World Library  
Flag as Inappropriate
Email this Article

Treaty of Tellico

Article Id: WHEBN0017032293
Reproduction Date:

Title: Treaty of Tellico  
Author: World Heritage Encyclopedia
Language: English
Subject: James White (General), Cherokee treaties, History of Tennessee, Adams and Liberty, Susanna Boylston
Publisher: World Heritage Encyclopedia

Treaty of Tellico

The Treaty With The Cherokee, 1798, also known as the First Treaty of Tellico, was signed on October 2, 1798, in the chiefs and warriors, in the presence of Silas Dinsmoor, Agent of the United States among the Cherokee, and thirteen other witnesses including Charles R. Hicks, who served as interpreter.


Preamble The treaty begins with a long preamble, stating the reasons why it was necessary to make another treaty Among the reasons cited are these two clauses; viz. "for the purpose of doing justice to the Cherokee Nation of Indians" and "in order to promote the interest and safety of the said States."

Article 1. Peace renewed and declared perpetual.

Article 2. The treaties subsisting between the parties in full force; "together with the construction and usage under the respective articles; and so to continue."

Article 3. Limits and boundaries of the Cherokee nation to remain the same, "where not altered by the present treaty."

Article 4. The Cherokee Nation "do hereby relinquish and cede to the United States all the lands within the following points and lines:" [Here follows a boundary, by which a considerable district of land, now in East Tennessee, was ceded to the United States.]

Article 5. The line described in the treaty to be marked immediately, "which said line shall form a part of the boundary between the United States and the Cherokee Nation."

Article 6. In consideration of the preceding cession, the United States agree to pay $5,000 on signing, and $1,000 annually, in addition to previous stipulations of this kind ; "and will continue the guarantee of the remainder of their country forever, as made and contained in former treaties."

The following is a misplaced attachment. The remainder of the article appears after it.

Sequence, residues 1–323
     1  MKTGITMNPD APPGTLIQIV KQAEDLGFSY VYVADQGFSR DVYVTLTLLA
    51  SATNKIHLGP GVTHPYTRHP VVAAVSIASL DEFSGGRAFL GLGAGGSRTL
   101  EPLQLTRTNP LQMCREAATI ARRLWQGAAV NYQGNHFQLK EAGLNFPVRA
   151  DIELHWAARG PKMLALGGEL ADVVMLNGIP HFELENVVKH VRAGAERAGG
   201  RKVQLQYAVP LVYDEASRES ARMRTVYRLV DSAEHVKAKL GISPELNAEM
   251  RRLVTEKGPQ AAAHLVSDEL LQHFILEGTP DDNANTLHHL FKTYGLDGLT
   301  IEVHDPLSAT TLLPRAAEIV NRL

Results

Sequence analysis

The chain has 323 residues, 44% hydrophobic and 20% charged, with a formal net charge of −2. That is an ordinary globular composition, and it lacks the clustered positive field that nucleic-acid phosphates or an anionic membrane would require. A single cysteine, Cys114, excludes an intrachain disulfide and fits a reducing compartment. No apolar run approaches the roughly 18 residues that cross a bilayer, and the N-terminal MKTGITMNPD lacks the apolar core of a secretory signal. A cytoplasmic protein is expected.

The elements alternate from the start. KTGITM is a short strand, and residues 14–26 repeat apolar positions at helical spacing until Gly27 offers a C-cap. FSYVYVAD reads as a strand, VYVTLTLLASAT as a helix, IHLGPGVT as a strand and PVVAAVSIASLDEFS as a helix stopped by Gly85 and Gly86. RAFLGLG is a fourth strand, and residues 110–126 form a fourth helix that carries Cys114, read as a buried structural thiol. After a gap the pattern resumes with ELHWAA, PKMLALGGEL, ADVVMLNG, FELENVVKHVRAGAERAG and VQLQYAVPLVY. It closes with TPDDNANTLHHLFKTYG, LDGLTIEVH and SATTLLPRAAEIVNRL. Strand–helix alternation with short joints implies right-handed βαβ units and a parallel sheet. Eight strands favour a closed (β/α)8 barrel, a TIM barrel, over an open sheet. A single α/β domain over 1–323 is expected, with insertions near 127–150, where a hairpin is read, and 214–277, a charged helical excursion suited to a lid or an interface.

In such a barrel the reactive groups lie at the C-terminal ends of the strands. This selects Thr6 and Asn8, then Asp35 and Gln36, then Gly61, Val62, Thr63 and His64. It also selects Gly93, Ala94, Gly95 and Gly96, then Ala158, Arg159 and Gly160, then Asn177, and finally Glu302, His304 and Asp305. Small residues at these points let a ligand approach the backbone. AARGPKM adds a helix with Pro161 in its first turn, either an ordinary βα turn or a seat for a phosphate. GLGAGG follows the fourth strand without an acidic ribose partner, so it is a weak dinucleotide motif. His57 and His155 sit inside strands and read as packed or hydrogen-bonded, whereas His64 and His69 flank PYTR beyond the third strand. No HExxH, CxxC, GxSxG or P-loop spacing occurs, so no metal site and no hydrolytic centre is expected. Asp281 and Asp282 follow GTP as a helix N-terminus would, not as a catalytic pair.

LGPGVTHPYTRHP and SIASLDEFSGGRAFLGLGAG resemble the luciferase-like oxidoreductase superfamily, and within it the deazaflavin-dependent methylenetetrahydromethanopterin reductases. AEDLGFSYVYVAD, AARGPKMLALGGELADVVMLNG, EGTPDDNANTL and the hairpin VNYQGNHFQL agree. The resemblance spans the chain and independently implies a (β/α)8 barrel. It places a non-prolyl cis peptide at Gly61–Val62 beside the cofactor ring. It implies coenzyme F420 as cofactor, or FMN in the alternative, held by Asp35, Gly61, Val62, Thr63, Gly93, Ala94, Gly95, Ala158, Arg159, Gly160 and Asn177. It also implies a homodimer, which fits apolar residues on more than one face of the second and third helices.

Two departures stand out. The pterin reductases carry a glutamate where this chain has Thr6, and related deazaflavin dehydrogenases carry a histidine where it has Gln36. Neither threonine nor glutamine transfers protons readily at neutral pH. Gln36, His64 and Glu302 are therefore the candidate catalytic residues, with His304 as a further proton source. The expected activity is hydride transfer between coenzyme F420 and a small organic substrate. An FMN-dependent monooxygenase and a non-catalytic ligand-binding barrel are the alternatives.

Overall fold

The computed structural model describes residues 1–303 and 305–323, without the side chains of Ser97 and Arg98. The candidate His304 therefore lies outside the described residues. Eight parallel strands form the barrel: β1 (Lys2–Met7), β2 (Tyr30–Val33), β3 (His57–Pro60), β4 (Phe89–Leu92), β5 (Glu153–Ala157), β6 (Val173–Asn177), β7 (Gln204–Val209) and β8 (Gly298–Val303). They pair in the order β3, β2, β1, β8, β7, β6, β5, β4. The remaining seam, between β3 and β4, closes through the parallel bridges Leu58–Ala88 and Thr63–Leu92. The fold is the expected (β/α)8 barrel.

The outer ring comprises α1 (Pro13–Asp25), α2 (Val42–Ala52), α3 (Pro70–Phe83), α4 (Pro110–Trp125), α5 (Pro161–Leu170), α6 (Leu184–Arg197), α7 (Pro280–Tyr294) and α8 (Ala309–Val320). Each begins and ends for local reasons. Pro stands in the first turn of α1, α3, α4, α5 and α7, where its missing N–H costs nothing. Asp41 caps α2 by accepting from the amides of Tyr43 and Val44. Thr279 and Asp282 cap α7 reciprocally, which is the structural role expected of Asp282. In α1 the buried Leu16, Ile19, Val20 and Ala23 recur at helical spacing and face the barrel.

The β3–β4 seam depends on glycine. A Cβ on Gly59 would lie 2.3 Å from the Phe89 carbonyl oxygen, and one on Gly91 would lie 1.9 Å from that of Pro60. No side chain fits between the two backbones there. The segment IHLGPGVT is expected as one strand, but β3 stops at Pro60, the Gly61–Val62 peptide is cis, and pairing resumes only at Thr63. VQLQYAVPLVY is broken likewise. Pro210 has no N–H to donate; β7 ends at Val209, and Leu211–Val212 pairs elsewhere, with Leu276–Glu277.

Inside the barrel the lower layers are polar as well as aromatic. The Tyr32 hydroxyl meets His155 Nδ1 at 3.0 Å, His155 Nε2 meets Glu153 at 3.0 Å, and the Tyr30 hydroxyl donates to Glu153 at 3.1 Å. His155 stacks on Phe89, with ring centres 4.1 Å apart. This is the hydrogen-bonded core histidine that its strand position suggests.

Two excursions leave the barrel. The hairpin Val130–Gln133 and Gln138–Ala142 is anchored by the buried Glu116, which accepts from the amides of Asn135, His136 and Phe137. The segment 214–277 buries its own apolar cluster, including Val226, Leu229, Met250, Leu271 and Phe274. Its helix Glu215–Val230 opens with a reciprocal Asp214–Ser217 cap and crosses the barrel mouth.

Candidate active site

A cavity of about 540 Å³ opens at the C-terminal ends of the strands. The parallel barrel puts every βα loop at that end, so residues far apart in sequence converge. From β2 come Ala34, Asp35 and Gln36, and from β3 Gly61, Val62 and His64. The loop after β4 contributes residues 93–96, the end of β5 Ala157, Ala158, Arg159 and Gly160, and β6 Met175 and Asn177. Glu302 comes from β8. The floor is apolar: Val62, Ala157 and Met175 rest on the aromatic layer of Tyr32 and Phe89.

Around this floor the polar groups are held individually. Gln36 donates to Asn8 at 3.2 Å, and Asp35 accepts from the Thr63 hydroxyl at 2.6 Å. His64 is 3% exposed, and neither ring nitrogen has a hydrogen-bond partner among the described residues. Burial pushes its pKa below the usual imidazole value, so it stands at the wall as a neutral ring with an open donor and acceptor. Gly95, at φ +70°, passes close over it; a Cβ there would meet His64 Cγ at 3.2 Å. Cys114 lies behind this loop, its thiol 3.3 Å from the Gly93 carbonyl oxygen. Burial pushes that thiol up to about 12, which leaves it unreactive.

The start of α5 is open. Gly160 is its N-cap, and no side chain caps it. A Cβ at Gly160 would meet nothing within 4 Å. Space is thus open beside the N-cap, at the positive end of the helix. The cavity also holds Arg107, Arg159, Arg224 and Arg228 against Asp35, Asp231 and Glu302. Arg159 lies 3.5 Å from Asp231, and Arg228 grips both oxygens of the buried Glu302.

Article 7. The "Kentucky road, running between the Cumberland mountain and the Cumberland river" across a small corner of Cherokee country, "shall be an open and free road for the use of the citizens of the United States"; and in consideration of this grant, "until settlements shall make such hunting improper", the Cherokees are to be permitted "to hunt and take game upon the lands relinquished and ceded by this treaty."

Article 8. Due notice to be given of the payment of the annual stipends, and the United States to furnish provisions for a "reasonable" number of Cherokees, who shall assemble on these occasions.

Article 9. Horses stolen from Cherokees by whites to be paid for by the United States; and horses stolen from whites by Cherokees, to be paid for by a deduction from the annuity.

Article 10. The Agent of the United States residing among the Cherokees to have a sufficient piece of ground allotted "for his temporary use" and the provision that this treaty was to "be carried into effect on both sides with all good faith."[1]

See also


  1. ^

External links

  • (hit next five times for map of Treaty of Tellico)
This article was sourced from Creative Commons Attribution-ShareAlike License; additional terms may apply. World Heritage Encyclopedia content is assembled from numerous content providers, Open Access Publishing, and in compliance with The Fair Access to Science and Technology Research Act (FASTR), Wikimedia Foundation, Inc., Public Library of Science, The Encyclopedia of Life, Open Book Publishers (OBP), PubMed, U.S. National Library of Medicine, National Center for Biotechnology Information, U.S. National Library of Medicine, National Institutes of Health (NIH), U.S. Department of Health & Human Services, and, which sources content from all federal, state, local, tribal, and territorial government publication portals (.gov, .mil, .edu). Funding for and content contributors is made possible from the U.S. Congress, E-Government Act of 2002.
Crowd sourced content that is contributed to World Heritage Encyclopedia is peer reviewed and edited by our editorial staff to ensure quality scholarly research articles.
By using this site, you agree to the Terms of Use and Privacy Policy. World Heritage Encyclopedia™ is a registered trademark of the World Public Library Association, a non-profit organization.

Copyright © World Library Foundation. All rights reserved. eBooks from World Library are sponsored by the World Library Foundation,
a 501c(4) Member's Support Non-Profit Organization, and is NOT affiliated with any governmental agency or department.